Example questions

Example questions

To increase your chances of receiving a job offer, you need to learn how to confidently and successfully respond to the questions you will be asked.
Listed here are common questions with some comments as to the reasons they are asked and the response expected. Remember these responses are only suggestions – do not use them if you feel uncomfortable about them and try to individualise them, as many candidates will receive the same suggestions!  Practice your own responses before interviews.

 

Q: Tell me about yourself. (The interviewer is really saying “I want to hear you talk”).
A: This is a loosener but is a common question so your response can stay the same. Prepare your response but be careful to make sure it does not sound rehearsed. Spend a maximum of 4 minutes to describe your qualifications, career history and your range of skills – emphasising those skills relevant to the job on offer.


 

Q: What have your achievements been to date? (The interviewer is saying “Are you an achiever?”)
A: Again, this is a common question so be prepared. Select an achievement that is work related and fairly recent. Identify the skills you used and the achievement and quantify the benefit.
E.g. “My greatest achievement has been to design and implement a new sales ledger computer system – bringing it in ahead of time and improve our debtors‟ position significantly, saving the company £50,000 per month in interest.”


 

Q: Are you happy with your career to date? (The interviewer is really asking about your self-esteem and self-confidence, your career aspirations and whether you are a happy, positive person).
A: The answer must be „yes‟ but if you have hit a career plateau or you feel you are moving too slowly, you must qualify an answer.


 

Q: What is the most difficult situation you have had to face and how did you tackle it? (The interviewer is really trying to find out what your definition of difficult is and whether you can show a logical approach to problem solving using your initiative).

A: This can be a trap! To avoid it, select a difficult work situation which was not caused by you and which can be explained in a few sentences. Explain how you defined the problem, what the options were, why you selected the one you did and what the outcome was. Always end on a positive note.


Q: What do you like about your present job? (The interviewer is really trying to find out whether you will enjoy the things you will experience in the job on offer).
A: This is a straightforward question. All you have to make sure is that your „likes‟ correspond to the skills required in the job on offer. Be positive, describe your job as interesting and diverse but do not overdo it – after all, you are leaving!


Q: What do you dislike about your present job? (The interviewer is trying to find out whether the job on offer has responsibilities you will dislike or which will make you unsuitable).

A: Be careful about this one! Do not be too specific as you may draw attention to weaknesses which will leave you open to further problems. One approach is to choose a characteristic of your present company such as its size, its slow decision making etc. Give your answer with the air of someone who takes problems and frustrations as part of the job!


Q: What are your strengths? (The interviewer wants a straightforward answer as to what you are good at and how it is going to add value).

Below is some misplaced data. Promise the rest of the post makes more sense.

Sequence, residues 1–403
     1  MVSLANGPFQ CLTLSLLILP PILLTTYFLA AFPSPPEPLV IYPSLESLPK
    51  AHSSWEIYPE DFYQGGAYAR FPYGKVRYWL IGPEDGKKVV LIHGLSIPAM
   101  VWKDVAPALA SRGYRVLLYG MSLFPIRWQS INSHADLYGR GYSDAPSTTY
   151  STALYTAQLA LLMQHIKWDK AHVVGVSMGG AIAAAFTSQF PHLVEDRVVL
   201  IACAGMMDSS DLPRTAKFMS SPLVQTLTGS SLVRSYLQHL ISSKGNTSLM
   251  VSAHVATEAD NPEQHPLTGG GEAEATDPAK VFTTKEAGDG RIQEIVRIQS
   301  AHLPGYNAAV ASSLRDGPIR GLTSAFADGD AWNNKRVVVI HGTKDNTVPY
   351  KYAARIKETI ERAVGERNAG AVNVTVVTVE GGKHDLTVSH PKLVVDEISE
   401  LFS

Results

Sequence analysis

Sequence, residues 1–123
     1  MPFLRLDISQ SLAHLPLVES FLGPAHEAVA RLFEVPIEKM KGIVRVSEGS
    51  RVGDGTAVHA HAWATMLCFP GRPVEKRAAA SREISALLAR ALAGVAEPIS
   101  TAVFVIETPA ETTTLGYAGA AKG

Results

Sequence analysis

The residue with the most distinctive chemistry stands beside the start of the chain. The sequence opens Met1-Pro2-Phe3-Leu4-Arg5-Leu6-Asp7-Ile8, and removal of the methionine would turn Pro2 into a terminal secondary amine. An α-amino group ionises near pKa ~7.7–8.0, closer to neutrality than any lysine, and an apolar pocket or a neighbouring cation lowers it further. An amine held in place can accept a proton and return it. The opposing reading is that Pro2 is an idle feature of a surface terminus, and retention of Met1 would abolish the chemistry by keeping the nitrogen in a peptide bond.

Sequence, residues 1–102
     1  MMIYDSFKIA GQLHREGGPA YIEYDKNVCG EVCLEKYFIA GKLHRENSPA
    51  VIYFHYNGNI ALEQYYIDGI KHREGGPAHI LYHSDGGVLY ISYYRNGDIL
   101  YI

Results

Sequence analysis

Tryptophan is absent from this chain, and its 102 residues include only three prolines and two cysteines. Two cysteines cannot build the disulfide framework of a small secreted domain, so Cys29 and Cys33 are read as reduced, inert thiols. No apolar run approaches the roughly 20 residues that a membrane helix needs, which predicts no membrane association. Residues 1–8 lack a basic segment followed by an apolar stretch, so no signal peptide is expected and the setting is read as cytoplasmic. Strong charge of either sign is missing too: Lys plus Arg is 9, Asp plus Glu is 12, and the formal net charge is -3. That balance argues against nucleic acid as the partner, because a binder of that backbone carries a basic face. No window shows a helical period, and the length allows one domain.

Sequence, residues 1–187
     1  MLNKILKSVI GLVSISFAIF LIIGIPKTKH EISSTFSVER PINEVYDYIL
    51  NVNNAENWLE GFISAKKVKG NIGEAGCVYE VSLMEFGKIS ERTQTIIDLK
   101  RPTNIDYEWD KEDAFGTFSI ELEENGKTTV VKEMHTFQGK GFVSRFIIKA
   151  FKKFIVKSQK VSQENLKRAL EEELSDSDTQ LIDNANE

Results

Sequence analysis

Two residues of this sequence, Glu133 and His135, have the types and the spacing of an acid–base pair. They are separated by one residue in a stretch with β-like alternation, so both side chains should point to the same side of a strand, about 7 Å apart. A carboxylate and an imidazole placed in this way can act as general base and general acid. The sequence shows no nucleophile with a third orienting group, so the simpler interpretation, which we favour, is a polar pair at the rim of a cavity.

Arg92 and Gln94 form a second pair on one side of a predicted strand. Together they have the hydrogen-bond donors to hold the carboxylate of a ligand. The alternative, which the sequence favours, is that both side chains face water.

A: This is one question that you know you are going to get asked so there is no excuse to be unprepared. Concentrate on discussing your main strengths. List 3 or 4 explanations of how they could benefit the employer – eg, technical proficiency; ability to learn quickly, determination to succeed; positive attitude; ability to relate to people to achieve a common goal. You may be asked to give examples of the above so be prepared.


 

Q: What is your greatest weakness? (The interviewer is really asking about your self-perception and level of self-awareness)
A: This is another standard question for which you can be well prepared. Don‟t say you have none – this will ensure further problems. You have 2 options:

  1. Use a professed weakness such as lack of experience (not ability) on your part in an area that is not vital for the job
  2. Describe a personal or professional weakness that would also be considered a strength and the steps that you have taken to combat it.
    1. E.g. “I know my team think I am too demanding at times – I tend to drive them pretty hard but I‟m getting much better at using the carrot and not the stick”
      Do not select a personal weakness such as “I‟m not a morning person – I‟m much better as the day goes on”.

The interview is a two way process so be prepared to ask probing questions such as:

  • Anticipated induction and training programme?
  • What sort of people do well in this company?
  • Culture of the company?
  • Company growth plans?
  • Significant clients/market presence?
  • Significant re-organisation or takeovers which have recently occurred?
  • Number of people working in the department?
  • Career progression within the company?

In closing the interview enquire about the next interview stage if you are interested in progressing things. Don‟t be discouraged if no definate offer is made or specific salary is discussed. The interviewer will probably wait to consult with colleagues first or interview other candidates before making a decision.

 

 

To download our full interview briefing document please click here